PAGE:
When we consume binary messages, paging through countless online posts and headlines attempting to get a quick fix of information, we tend to engage our natural cognitive biases. Cognitive bias is your personal viewpoint derived from your SCOR. Every person has certain biases based on how they view the world, their personal experiences, and their emotions. These biases prevent us from seeing reality or truth in its purest form. An example of a cognitive bias could explain the disposition of some people to the cat-dog preference question. For instance, people who were frightened or chased by dogs when they were children may hold biases against dogs as dangerous or wild pets, after those negative early experiences impacted their perception of dogs into adulthood.
A specific type of bias is called confirmation bias which posits that we gravitate towards those ideas, people and messages that reinforce our personal viewpoint. Confirmation bias is a normal human reaction, as we all like to be validated and to validate ourselves – “I am smart, I am right, and look: these people believe what I do!” So, all of those ‘cat people’ out there are naturally attracted to the myriad of cute kitten videos online, message boards with tips on getting rid of hairballs, and other things that are of interest to cat people. Not too many dog people are looking for hairball remedies online.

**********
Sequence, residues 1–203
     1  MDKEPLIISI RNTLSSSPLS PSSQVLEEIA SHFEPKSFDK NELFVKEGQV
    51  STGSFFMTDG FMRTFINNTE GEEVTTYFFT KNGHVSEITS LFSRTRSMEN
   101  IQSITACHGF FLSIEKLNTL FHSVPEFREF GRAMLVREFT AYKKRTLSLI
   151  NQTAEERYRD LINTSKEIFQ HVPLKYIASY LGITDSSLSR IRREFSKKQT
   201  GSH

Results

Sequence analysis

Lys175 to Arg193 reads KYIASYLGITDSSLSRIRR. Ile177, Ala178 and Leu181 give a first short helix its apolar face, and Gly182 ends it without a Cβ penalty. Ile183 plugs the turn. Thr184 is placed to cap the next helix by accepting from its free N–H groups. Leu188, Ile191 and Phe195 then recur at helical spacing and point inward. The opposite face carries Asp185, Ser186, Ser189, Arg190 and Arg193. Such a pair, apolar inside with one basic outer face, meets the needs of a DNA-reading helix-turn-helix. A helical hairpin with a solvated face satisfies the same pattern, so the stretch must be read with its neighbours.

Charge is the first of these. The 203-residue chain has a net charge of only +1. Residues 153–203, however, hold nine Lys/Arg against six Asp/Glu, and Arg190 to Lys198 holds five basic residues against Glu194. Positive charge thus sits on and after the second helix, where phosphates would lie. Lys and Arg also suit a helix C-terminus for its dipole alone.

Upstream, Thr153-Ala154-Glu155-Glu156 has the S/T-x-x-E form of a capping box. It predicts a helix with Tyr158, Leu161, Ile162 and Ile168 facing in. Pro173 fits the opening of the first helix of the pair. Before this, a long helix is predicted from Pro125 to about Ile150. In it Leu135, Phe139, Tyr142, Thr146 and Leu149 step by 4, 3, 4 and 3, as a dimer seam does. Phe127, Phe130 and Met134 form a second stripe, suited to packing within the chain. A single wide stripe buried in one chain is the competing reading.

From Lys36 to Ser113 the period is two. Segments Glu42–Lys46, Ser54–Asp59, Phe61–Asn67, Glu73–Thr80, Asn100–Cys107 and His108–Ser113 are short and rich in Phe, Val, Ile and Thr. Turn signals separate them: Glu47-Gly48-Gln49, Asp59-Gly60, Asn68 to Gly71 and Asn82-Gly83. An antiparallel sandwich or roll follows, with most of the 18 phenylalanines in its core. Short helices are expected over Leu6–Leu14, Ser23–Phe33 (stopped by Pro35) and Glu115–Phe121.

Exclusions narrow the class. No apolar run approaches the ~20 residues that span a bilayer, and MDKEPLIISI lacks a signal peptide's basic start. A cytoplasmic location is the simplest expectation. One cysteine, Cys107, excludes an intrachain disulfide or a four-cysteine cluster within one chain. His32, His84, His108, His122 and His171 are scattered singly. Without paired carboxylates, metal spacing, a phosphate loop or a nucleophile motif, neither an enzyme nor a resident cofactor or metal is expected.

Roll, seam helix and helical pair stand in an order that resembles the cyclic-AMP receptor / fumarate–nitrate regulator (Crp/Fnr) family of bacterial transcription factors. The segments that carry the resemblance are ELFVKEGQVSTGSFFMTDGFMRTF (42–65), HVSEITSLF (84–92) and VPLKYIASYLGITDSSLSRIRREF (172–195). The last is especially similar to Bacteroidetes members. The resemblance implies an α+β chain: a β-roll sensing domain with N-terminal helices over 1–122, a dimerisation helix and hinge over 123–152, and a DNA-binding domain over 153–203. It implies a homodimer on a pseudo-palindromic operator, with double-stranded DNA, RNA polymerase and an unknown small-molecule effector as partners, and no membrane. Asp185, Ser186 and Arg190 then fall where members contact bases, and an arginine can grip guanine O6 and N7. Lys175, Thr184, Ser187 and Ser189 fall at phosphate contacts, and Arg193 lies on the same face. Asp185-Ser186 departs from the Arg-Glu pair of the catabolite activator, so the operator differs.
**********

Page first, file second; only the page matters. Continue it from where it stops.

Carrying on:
While the conscious or unconscious predisposition towards confirmation bias is a behavior we all engage in, it is exacerbated by digital messaging because of its binary construct. Our confirmation biases are sometimes challenged or at least discussed when we engage in face-to-face debate, or if we dig down and do research that involves actually reading lengthy articles and considering multiple sides of an issue. Actual conversation and interaction can also push us past a confirmation bias in order to understand a different perspective – it can push our cognitive complexity and our ability to solve complex problems.
Sometimes confirmation bias is driven by the need to belong, and not solely by the desire to validate ourselves with confirming messages. In Part Two of this blog, we will address that need we all have to belong to a group. We will also address some of the psychological risks to communicating in the world of online messaging.
Dr. Guaditis is the Director of the Intelligence Analysis Program in the Department of Criminology, Law and Society at George Mason University. She is a former CIA Operations Officer and Behavioral Profiler, and has served on the U.S. Secret Service Advisory Board. In 2013 she founded Mindstar Security & Profiling, previous to which she served as the Vice President and Cyber Intelligence Director at Cyveillance. Dr. Guidaitis has been a member of Blackbird.AI’s advisory board since 2017.
Blackbird.AI’s Disinformation AI Platform provides Fortune 500 and National Security customers with automated defensive and offensive capabilities to defend against a new generation of disinformation driven threat